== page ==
One last item before we get started on the how to. It will be helpful to purchase a Scheduling Wheel Chart, Or search for an online date wheel. I find it much easier to have one in my hand. I keep it with my seeds when I’m not using it. This tool is simply for figuring out when to start your plants. Again we must refer to the seed packet. It will say something like start seeds 3 weeks before last frost or something very similar to that. you just look up online you average last frost date for your area. Pull out your trusty date wheel. Set it on that date, and count back three weeks. It will tell you that date you need to plant the seed. Very simple to use. Ok finally we will move on to starting seed!
- If you have decided to use plastic cups or any plastic recycled containers you will need to poke a few holes into the bottom. Drainage is important for good plant growth. If you are using the seed starting trays for starting seed. You will notice they already have them.
- It helps if you take the seed starting mix and pre moisten it with water. I usually do this in a bucket, be careful not to over moisten. Mix in a little water, you will notice how it wont want to get wet. After thoroughly mixing it with your hands or mixing utensil. Let it sit for an hour or so, check to see if you need to add more water or if you think its is moist enough.
- Next fill each of the cups within a 1/2″ or so from the top with seed starting mix. If you are using seed trays you can fill the whole tray right to the top and level any additional seed starting mix off.
- Now get one of your seed packets out. Read the back to make sure of the depth you need to plant the seed. Tear off a corner of the seed packet get several seeds into your hand.
- If you are using cups it’s a good idea to plant three to four seeds per cup, and at least two per cell in the seed trays. This will insure that something comes up in each cup or cell. Don’t forget to write on each cup what you planted in it, or mark your row of cells in the seed starting tray with popsicle sticks. Do this for each type of plant you will be growing.
- Place your cups into the sheet pan, or any kind of container with a short lip on it that will hold water. Make sure your seed starting trays come with a bottom that holds water, most do. Some come with domes too but I don’t think these are necessary.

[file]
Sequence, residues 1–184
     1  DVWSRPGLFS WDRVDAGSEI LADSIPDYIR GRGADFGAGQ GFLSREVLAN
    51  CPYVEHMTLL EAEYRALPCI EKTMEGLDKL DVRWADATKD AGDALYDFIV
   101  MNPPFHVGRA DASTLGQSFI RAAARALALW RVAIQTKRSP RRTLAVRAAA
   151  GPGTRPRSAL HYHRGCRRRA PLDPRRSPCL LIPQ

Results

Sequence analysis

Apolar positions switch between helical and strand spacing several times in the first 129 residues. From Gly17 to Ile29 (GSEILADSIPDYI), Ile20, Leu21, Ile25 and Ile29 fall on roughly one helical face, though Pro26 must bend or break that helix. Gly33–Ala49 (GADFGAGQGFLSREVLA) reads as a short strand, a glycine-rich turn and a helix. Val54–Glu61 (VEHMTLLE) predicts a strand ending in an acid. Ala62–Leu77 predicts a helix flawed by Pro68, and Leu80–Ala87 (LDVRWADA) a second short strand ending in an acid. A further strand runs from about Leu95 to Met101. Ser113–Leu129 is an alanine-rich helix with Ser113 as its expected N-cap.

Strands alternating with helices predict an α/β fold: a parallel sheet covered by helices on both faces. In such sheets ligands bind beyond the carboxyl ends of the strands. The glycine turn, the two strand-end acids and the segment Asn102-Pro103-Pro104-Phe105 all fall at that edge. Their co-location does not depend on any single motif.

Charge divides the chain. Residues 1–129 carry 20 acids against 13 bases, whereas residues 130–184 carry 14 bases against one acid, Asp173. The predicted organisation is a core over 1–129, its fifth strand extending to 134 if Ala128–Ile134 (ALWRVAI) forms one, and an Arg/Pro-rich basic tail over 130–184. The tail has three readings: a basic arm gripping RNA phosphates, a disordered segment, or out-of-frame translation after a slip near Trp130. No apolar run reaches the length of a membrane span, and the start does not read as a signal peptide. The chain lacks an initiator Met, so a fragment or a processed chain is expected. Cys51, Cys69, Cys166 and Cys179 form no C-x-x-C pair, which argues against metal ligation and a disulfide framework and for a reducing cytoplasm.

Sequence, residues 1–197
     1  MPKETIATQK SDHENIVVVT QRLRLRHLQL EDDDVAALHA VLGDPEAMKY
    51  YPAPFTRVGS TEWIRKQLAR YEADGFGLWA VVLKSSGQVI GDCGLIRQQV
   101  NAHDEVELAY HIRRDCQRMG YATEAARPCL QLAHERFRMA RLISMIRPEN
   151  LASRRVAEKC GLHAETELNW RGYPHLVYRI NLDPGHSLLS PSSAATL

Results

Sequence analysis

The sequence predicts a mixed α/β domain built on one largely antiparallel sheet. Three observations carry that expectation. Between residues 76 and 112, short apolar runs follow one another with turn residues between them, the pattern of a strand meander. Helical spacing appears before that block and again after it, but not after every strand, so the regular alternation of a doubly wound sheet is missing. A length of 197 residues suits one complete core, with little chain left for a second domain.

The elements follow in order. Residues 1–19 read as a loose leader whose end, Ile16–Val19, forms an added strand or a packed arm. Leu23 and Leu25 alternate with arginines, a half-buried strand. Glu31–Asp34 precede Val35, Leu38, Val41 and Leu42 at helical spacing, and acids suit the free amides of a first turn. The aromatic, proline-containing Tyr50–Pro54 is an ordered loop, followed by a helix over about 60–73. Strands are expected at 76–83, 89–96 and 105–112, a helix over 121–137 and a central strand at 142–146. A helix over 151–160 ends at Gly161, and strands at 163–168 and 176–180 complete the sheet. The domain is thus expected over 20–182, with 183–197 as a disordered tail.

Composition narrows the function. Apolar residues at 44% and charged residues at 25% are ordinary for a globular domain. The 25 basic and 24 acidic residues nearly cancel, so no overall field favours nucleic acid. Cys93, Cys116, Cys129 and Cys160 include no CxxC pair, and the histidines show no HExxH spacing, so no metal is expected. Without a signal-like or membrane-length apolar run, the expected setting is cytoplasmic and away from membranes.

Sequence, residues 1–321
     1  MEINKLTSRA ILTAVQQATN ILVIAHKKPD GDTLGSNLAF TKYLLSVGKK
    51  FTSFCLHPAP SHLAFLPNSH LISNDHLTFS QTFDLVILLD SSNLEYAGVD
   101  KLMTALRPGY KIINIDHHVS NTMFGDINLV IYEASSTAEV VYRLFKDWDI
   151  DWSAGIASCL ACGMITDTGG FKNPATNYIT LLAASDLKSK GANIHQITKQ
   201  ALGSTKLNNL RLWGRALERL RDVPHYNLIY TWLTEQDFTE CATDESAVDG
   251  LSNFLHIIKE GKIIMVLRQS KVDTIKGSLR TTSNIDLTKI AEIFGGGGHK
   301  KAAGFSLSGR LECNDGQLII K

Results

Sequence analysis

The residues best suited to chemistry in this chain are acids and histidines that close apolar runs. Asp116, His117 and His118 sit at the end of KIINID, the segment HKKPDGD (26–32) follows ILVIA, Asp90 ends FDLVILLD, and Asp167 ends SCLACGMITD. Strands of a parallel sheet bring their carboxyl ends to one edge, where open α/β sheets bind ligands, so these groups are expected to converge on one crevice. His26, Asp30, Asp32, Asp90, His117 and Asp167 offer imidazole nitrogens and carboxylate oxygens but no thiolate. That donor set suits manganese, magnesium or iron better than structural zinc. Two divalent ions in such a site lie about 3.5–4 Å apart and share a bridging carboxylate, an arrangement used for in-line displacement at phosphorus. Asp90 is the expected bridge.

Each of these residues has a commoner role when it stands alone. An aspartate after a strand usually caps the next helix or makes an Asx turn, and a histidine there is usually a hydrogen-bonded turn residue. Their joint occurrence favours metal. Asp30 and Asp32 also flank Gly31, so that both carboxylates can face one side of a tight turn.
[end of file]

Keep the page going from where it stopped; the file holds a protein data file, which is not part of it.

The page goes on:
- Ok it is critically important to keep the soil moist. When you get up in the morning spray the top of the soil. Do this again in the evening or whenever you notice the surface of the soil is dry. But minimally twice a day. You must be consistent about this. After the seeds sprout and become established you can start watering from the bottom. Just pour some water into the tray and you will be watering all the cups at the same time. not to much though you don’t want to over do it. As they get bigger more water will be required.
- After the seedlings reach about three inches tall you will need to decide what plant in that cup or cell is the strongest. Using a pair of scissors cut the other seedlings off about 1/4″ above the soil or pinch them off with your finger nails. Be careful not to injure the one you want to keep. You do not want to pull the ones you are culling out, this could damage the strong plants roots.
- Now I suggest using cups right from the start because at some point if you are growing in a seed tray with small cells “lets say a Tomato plant” it’s roots are going to fill out the cell. If you don’t transplant it into a larger container like a plastic cup it will become root bound this will stunt the further growth of the plant. So I just start right out in the larger cups. By the time they are in danger of becoming root bound, it’s time to plant them outside anyway.
- How to harden off your plants. About a week before it’s time to transplant out in the garden you have to harden your plants off. You will want to put your plants outside for a few hours a day. This allows them to get real wind, deal with temperature fluctuations, and receive full sun light. towards the end of the week you will want to leave them out longer, and longer until you decide to leave them out over night. Pay attention to the weather, make sure there is no frost in the forecast. You don’t want to lose them now!
- After the danger of frost has passed you can put your babies out in the garden. make sure you stick to your spacing you came up with in your vegetable garden layout. Give your extra plants away to friends and family, encourage them to read this post too!
I hope you found this to be helpful, and now that you know all about planting seeds indoors and also what to plant outside when the time is right. You are armed with the knowledge needed to go out there and have a wonderful time growing your own food! When you start having successes with your vegetable gardening, and heirloom crops you’ll be hooked for life. There’s nothing else like it! So Have fun!
Thank you, and don’t forget to sign up for the PermacultureFlora updates and leave a comment below. I’d love to hear your thoughts.